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FDIC Consumer News - Summer 1997

Important Update: Changes in FDIC Deposit Insurance Coverage

The FDIC deposit insurance rules have undergone a series of changes starting in the fall of 2008. As a result, certain previously published information related to FDIC insurance coverage may not reflect the current rules. For details about the changes, visit Changes in FDIC Deposit Insurance Coverage. For more information about FDIC insurance, go to www.fdic.gov/deposit/deposits/index.html or call toll-free 1-877-ASK-FDIC (1-877-275-3342). For the hearing-impaired, the number is 1-800-925-4618.

Fraud Alert

Neither snow, nor rain, nor heat, nor gloom of night can prevent a crook from stealing a new credit card from the mail and running up fraudulent charges. Follow this fraud step by step:

(1) A crook steals from a consumer's mailbox (or elsewhere) an envelope containing a new credit card or a card renewal. "Thieves can usually recognize credit card mailings," says Gene Seitz, an investigator with the FDIC's Division of Supervision in Washington. "Many only have a P.O. Box as a return address and the cards are easy to feel through the envelope."

(2) Having the card owner's name and address, the thief next finds out consumer's phone number. He then calls, pretending to be a representative of the card company, and asks if the new card has arrived. When told no, the con artist instructs the worried consumer to call a particular toll-free number to report the card missing.

(3) The consumer's call actually goes to a member of the same crime ring who asks for the consumer's Social Security number, date of birth, mother's maiden name and other personal information. With this information, the thieves can call the card issuer, activate the card and go on a shopping spree.

Susan Sylstra, executive director of the International Association of Financial Crimes Investigators, based in Novato, California, says robbers also steal a new card from the mail, counterfeit it, and put the original back in the mail. "The consumer then gets the real card and activates it, but that also enables the thieves to start using the counterfeit," she says.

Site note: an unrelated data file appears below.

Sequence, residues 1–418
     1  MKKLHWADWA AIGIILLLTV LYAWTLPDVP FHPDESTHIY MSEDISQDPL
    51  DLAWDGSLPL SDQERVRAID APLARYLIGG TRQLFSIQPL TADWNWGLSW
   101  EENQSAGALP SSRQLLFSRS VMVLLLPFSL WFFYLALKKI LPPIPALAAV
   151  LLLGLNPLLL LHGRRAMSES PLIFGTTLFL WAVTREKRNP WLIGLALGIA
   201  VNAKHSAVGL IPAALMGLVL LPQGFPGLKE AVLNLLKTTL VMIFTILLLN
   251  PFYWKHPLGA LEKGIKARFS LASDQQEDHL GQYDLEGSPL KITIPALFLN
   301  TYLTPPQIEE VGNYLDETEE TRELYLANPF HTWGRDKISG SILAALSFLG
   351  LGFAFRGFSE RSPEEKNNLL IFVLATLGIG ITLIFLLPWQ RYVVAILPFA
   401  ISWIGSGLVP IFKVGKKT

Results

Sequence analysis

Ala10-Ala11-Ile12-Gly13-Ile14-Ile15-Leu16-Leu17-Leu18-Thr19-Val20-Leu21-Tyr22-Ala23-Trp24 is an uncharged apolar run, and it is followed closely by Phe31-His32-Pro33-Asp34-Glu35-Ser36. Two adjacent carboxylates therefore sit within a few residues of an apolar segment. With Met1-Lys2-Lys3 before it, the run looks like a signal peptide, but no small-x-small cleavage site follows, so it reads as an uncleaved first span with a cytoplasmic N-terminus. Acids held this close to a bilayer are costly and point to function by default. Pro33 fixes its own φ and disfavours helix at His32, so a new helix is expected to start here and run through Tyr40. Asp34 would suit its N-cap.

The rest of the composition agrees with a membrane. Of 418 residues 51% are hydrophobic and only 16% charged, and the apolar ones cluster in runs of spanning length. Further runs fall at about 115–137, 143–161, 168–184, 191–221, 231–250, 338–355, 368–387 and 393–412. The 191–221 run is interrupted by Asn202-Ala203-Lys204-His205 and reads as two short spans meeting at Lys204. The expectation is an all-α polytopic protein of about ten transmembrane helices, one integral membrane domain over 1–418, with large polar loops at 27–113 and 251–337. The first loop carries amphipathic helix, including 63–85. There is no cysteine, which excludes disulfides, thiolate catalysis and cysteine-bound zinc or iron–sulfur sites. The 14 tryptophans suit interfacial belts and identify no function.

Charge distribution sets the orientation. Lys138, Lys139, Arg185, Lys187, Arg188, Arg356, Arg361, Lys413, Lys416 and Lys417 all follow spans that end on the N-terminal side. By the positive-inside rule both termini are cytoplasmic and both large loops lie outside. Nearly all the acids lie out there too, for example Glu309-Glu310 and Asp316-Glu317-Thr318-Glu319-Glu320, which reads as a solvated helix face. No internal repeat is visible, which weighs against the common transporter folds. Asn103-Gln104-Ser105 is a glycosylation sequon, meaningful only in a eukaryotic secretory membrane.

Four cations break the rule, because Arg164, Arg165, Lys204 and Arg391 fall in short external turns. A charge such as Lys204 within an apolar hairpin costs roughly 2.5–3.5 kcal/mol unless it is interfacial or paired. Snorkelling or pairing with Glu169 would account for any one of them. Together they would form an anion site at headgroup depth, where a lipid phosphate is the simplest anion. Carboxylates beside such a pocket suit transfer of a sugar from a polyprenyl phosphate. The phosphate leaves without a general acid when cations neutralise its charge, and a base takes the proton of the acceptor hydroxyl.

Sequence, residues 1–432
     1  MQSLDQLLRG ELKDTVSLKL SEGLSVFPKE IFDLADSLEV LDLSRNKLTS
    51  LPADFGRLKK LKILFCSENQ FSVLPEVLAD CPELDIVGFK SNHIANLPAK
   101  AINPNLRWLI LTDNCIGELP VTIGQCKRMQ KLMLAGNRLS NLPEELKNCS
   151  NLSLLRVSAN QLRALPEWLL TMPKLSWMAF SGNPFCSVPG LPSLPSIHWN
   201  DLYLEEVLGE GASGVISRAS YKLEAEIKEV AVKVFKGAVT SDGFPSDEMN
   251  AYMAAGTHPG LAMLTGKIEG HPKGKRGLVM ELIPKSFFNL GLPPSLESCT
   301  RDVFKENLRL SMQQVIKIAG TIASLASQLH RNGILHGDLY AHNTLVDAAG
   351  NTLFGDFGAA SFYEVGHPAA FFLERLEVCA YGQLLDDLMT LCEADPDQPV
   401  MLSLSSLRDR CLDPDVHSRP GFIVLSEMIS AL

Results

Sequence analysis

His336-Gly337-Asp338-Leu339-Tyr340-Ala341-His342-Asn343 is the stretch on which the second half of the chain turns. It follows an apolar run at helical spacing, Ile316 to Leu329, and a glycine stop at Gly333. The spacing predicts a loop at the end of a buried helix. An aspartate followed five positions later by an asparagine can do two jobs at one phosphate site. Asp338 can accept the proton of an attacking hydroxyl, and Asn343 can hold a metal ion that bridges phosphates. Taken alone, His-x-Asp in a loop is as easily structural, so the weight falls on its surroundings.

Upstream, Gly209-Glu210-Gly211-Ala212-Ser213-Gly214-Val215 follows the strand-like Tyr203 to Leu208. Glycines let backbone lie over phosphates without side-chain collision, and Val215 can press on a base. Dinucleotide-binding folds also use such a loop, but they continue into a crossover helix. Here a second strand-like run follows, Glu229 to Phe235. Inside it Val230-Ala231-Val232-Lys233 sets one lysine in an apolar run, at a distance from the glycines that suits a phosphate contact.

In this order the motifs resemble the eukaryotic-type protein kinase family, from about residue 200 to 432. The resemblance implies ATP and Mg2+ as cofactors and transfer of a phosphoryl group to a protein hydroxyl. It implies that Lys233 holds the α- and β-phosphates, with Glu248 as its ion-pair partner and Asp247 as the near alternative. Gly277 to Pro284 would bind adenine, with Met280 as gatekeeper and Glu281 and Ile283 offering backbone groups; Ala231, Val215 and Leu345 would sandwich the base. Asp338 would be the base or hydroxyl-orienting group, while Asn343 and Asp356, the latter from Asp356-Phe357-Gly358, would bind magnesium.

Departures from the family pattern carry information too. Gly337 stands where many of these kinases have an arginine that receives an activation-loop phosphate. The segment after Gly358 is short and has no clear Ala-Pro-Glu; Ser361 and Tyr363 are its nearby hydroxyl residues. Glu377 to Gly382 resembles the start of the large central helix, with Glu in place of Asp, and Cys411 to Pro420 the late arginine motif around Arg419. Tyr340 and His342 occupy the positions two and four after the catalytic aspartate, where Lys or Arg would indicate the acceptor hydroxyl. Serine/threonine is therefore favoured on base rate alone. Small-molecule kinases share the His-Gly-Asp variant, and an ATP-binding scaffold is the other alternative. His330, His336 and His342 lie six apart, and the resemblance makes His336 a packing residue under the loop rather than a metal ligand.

Under federal law, if your credit card or card number is used by a thief the most you're liable for is $50 per card. You owe nothing if you contact your card company before any unauthorized charges are made. Even so, card fraud is a national problem and a reason interest rates are higher on credit cards than on other loans. You can help stop card fraud by calling your card company immediately if a new card doesn't arrive as expected or if the envelope appears tampered with (and get the correct toll-free number from your card statement or by calling an operator at 800-555-1212). Never leave your card payment in your doorway or mailbox where thieves can steal enough information to order a new card in your name. Always check your card statement when it arrives and look for suspicious or unusual transactions.

Experts also emphasize that you should never give out personal information over the phone unless it's a call you originate to someone you know and trust. "Card companies never call customers asking for personal information; they already have that information," Seitz says.

Warning: Scams by Phone and Computer Have Familiar Ring

Phony prize offers are the top telemarketing fraud reported by consumers to law enforcement authorities. And when it comes to Internet crimes, the most common complaint involves "pyramid schemes," typically ads falsely promising big bucks for recruiting other people to invest money. That's according to 1996 data recently released by the National Fraud Information Center (NFIC), a project of the National Consumers League in Washington that fields reports of suspected frauds and passes them along to federal and state authorities.

The NFIC said the 10 most commonly reported telemarketing scams, in order, involved offers of: prizes, work at home, magazines, investments in a communications business, loans involving up-front fees, lotteries, vacation packages, credit cards involving up-front fees, miscellaneous business and franchise opportunities, and office supplies.

The top Internet frauds involved: pyramid schemes, sales of software and computer equipment, Internet services, business and franchise opportunities, work at home, buyers clubs, magazines, investments, scholarship offers, and prizes.

If you think you've been victimized or if you want more information about fraud prevention, contact the NFIC at 800-876-7060 or visit its Internet site at www.fraud.org.

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Last Updated 08/05/1999 communications@fdic.gov